|Skills Type||Skills details|
|Application of Number||Some statistical data on processes of environmental change will be part of the course reading material.|
|Communication||Students will learn how to present their ideas both verbally and in writing and how to assert themselves to advantage. They will understand the importance of information and clear communication and how to exploit these. They will know how to use the many sources of information available and how to use the most appropriate form of communication to the best advantage. They will learn to be clear and direct in their writing and speaking and to be direct about aims and objectives. They will learn to consider only that which is relevant to the topic, focus and objectives of their argument or discussion. Seminars will be run in groups where oral discussion and presentations will form the main medium of teaching and the emphasis throughout the module will be on student participation and communication.|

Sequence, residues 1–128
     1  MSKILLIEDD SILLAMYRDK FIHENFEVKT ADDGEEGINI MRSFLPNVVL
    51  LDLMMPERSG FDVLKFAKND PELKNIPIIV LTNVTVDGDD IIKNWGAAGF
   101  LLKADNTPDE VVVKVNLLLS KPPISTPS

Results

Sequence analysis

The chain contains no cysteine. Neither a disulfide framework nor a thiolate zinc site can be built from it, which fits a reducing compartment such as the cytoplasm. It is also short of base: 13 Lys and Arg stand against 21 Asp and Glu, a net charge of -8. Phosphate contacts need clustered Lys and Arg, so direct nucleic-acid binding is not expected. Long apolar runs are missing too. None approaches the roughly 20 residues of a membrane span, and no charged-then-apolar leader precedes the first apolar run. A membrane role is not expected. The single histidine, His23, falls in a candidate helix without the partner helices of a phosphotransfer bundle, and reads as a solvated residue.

|Improving own Learning and Performance||The module aims to promote self-management but within a context of assistance from both the convenor and the fellow students alike. Students will be expected to improve their own learning and performance by undertaking their own research and to exercise their own initiative, including searching for sources, compiling reading lists, and deciding (under guidance) the direction of their essay and presentation topics. The need to conduct a seminar presentation and to meet an essay deadline will focus students¿ attention on the need to manage their time and opportunity resources well.|
|Information Technology||Students will be expected to submit their work in word-processed format. Also, students will be encouraged to search for sources of information on the web, as well as seeking sources through electronic information sources (such as Web of Science and OCLC). Students will also be expected to make use of the resources that will be available on the Blackboard VLE.|